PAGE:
It was unseasonably cool on Saturday morning, October 23 when Bloomington 7th Ward friends and family gathered at the church for breakfast prepared by the Activities Committee including Barbara and Doug Schaerrer, Adolf and Taj Becker, and Jim and Ellen Sorensen as well as helpers from the Elders and High Priest Quorums. Despite the overnight rainfall which left the grounds wet and the grass soggy, there were no dampened spirits as participants enjoyed breakfast potatoes, sausage, scrambled eggs, juice and socializing . . . as well as Dutch oven peach cobbler topped with ice cream prepared by Claude Warner and Dave Putnam. Yum . . . and thanks to everyone who took part!!!

Sunday, October 17, 2010

Til We Meet Again, Vanetta Johnson

Vanetta Johnson, mother of Anita Williams, slipped from mortality on Thursday, October 14 to return to her sweetheart Harold and her loving Heavenly Father. 87-year-old Vanetta was born and raised in Indiana where, as a young woman, she met a handsome Air Force captain and pilot on a blind date. Two months later, she became Mrs. Harold Johnson and the couple settled down together in Huntington, West Virginia.

In the southern United States, the Johnson’s yearned for a religion the entire family could embrace - a decision which lead them to the LDS Church where Harold served several years as a branch president. They wanted to be sealed, so they saved up to make the cross-country trip to Salt Lake City, only to find the temple closed. Not to be thwarted in their plans, they drove to Logan for the ceremony. Vanetta’s favorite calling was as YM/YW leader for the East Central States Mission which gave the couple the opportunity to travel together in Harold’s plane to meetings throughout Tennessee, Kentucky and West Virginia.

After Bruce and Anita returned from medical studies in Germany, Harold and Vanetta relocated to northern Utah where they served for several years in the Salt Lake Temple, then followed their daughter and son-in-law to St. George, again serving in the temple while continuing in their role as "active grandparents."

Throughout her lifetime, Vanetta’s favorite hobby was always "mothering," but she also excelled in bowling, oil painting, and water color art. According to Anita, her mother was "an excellent seamstress who made all my clothes when I was a child, has a wonderful eye for colors and fabrics and her porcelain dolls are incredible!!!”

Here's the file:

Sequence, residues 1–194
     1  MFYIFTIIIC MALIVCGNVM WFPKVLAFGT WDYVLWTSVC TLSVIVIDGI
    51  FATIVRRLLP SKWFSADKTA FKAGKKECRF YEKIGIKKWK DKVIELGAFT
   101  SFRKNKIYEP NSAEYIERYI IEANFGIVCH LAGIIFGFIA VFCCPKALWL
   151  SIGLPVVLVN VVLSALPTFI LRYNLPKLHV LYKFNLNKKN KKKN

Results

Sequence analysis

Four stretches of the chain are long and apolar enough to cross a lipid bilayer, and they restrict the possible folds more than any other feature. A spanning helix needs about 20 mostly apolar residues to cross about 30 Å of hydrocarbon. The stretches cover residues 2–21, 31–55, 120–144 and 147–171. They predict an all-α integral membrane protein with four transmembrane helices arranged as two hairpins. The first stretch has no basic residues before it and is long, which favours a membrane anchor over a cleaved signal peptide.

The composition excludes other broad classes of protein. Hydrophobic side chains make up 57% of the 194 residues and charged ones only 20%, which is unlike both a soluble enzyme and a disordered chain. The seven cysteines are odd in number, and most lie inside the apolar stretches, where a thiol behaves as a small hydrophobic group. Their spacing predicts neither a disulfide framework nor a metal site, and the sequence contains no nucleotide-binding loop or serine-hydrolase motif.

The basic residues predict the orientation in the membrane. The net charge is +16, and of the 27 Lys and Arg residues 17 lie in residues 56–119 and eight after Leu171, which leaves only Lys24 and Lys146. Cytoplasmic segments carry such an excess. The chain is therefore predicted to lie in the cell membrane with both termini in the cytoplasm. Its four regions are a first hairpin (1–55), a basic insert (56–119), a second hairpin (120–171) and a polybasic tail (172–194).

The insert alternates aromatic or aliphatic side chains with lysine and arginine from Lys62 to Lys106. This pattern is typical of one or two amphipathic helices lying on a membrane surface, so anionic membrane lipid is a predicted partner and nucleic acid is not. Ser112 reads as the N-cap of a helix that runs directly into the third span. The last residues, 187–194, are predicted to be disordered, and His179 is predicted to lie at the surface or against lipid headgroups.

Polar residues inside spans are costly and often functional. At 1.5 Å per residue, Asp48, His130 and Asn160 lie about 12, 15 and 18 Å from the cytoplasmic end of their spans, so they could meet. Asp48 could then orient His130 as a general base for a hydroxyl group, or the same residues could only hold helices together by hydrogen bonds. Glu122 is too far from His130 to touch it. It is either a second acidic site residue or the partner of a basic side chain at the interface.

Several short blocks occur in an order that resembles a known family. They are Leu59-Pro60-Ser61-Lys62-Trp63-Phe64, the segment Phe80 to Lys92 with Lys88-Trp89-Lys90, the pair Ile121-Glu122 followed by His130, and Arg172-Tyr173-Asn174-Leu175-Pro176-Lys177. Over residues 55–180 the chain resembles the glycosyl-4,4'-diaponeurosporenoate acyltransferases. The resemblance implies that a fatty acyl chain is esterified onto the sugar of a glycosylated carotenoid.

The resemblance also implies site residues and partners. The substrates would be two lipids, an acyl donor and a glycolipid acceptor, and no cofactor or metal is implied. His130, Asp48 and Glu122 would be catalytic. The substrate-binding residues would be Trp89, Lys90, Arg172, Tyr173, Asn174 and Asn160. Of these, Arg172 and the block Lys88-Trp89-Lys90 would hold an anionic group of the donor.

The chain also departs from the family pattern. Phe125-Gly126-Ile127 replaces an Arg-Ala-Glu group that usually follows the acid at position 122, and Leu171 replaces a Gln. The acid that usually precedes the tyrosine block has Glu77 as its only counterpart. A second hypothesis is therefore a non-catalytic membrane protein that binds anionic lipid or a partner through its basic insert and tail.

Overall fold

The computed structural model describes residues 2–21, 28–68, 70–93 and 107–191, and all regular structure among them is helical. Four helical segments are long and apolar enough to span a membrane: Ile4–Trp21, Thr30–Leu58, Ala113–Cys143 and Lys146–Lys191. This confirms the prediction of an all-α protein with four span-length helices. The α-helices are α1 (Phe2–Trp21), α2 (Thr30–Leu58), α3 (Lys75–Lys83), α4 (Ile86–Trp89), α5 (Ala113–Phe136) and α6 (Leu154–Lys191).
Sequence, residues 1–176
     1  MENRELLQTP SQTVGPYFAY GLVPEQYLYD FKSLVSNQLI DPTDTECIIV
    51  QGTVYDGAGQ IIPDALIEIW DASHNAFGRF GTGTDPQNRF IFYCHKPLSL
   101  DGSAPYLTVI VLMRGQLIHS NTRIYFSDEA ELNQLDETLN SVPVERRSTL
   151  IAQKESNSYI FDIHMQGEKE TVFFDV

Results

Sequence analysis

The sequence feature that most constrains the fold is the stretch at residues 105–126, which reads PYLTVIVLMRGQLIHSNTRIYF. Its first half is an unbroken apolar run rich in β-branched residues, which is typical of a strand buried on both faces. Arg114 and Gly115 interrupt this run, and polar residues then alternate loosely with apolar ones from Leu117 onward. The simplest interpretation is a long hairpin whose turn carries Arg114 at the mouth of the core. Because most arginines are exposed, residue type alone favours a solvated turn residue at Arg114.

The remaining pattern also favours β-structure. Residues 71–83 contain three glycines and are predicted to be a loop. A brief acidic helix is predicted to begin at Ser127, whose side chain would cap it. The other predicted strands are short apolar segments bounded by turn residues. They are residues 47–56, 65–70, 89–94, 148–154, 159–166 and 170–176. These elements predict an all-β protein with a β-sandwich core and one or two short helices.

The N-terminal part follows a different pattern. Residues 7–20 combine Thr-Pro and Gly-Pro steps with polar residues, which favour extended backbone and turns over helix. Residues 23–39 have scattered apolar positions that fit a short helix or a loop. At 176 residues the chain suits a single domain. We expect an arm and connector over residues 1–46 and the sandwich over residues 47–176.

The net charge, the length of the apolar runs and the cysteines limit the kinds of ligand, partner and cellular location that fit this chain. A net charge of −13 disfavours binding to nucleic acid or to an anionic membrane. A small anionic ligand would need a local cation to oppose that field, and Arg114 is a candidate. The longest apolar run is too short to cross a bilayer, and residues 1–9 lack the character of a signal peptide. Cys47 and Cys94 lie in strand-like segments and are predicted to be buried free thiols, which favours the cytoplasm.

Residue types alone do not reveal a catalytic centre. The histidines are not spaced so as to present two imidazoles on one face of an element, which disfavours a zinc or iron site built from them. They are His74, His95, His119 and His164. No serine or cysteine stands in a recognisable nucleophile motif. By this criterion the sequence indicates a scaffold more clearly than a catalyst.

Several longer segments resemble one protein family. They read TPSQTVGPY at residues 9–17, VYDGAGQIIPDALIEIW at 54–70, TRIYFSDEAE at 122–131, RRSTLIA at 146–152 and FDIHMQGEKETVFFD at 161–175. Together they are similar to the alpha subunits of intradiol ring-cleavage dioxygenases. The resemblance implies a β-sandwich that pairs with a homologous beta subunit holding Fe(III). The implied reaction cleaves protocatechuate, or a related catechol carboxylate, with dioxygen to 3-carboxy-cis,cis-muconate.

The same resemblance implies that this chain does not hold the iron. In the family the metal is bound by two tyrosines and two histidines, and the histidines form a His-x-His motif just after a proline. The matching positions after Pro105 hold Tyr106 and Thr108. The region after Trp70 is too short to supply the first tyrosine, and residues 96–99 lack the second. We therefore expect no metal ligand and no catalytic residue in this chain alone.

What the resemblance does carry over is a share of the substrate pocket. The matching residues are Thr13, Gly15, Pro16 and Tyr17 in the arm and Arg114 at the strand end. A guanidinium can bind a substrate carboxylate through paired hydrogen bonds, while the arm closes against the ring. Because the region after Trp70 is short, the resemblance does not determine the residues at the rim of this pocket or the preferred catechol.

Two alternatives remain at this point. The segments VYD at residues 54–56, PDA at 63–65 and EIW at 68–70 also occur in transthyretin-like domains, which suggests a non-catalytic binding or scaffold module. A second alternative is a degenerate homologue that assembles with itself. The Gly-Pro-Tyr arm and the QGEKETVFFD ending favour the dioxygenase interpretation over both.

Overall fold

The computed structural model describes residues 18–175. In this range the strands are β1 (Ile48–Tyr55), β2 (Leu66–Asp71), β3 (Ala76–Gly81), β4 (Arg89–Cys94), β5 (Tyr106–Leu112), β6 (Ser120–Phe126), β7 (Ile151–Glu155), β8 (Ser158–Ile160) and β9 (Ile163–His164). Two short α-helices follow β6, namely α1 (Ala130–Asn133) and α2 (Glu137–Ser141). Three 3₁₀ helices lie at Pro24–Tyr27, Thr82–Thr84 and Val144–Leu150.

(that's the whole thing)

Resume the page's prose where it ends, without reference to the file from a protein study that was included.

Although Vanetta lost Harold - the love of her life - more than a decade ago, and her youngest son three years ago, Vanetta found peace in the gospel of Jesus Christ during difficult times and always referred to hers as "a great life!"

Condolences to the Williams’ family for their loss. Vanetta will be missed by those who knew and loved her.

Tuesday, October 12, 2010

Elder Forsyth Says "Zai jian"

Brandon Forsyth, second son of Steve and Tina Forsyth, younger brother to Adam - and older brother to Aubrey, Cody, Emily, Dallen, Noah, Idie and Nathan, entered the MTC on Wednesday, October 13. For the next two years, he will serve the Lord and His children in the Singapore Mission where he will teach the gospel in the language of Mandarin Chinese.

Elder Forsyth, who studied Chinese in high school and has loved all-things-Asian since he was a child, is excited about a call to Singapore.

According to his mother, he frequently uses movie lines relating to the Asian culture, including his most recent favorite, “clearly you’ve never been to Singapore” from Disney’s “Pirates of the Caribbean.” Following his mission, Elder Forsyth hopes to study international business with an eye on a career somewhere in Asia.

The Church of Jesus Christ of Latter-day Saints, in this tropical rainforest country with no distinct seasons, is still in its infancy. In the second most densely populated country in the world, there is only one mission, 10 congregations and a total LDS population of fewer than 3000 members among more than 5 million residents.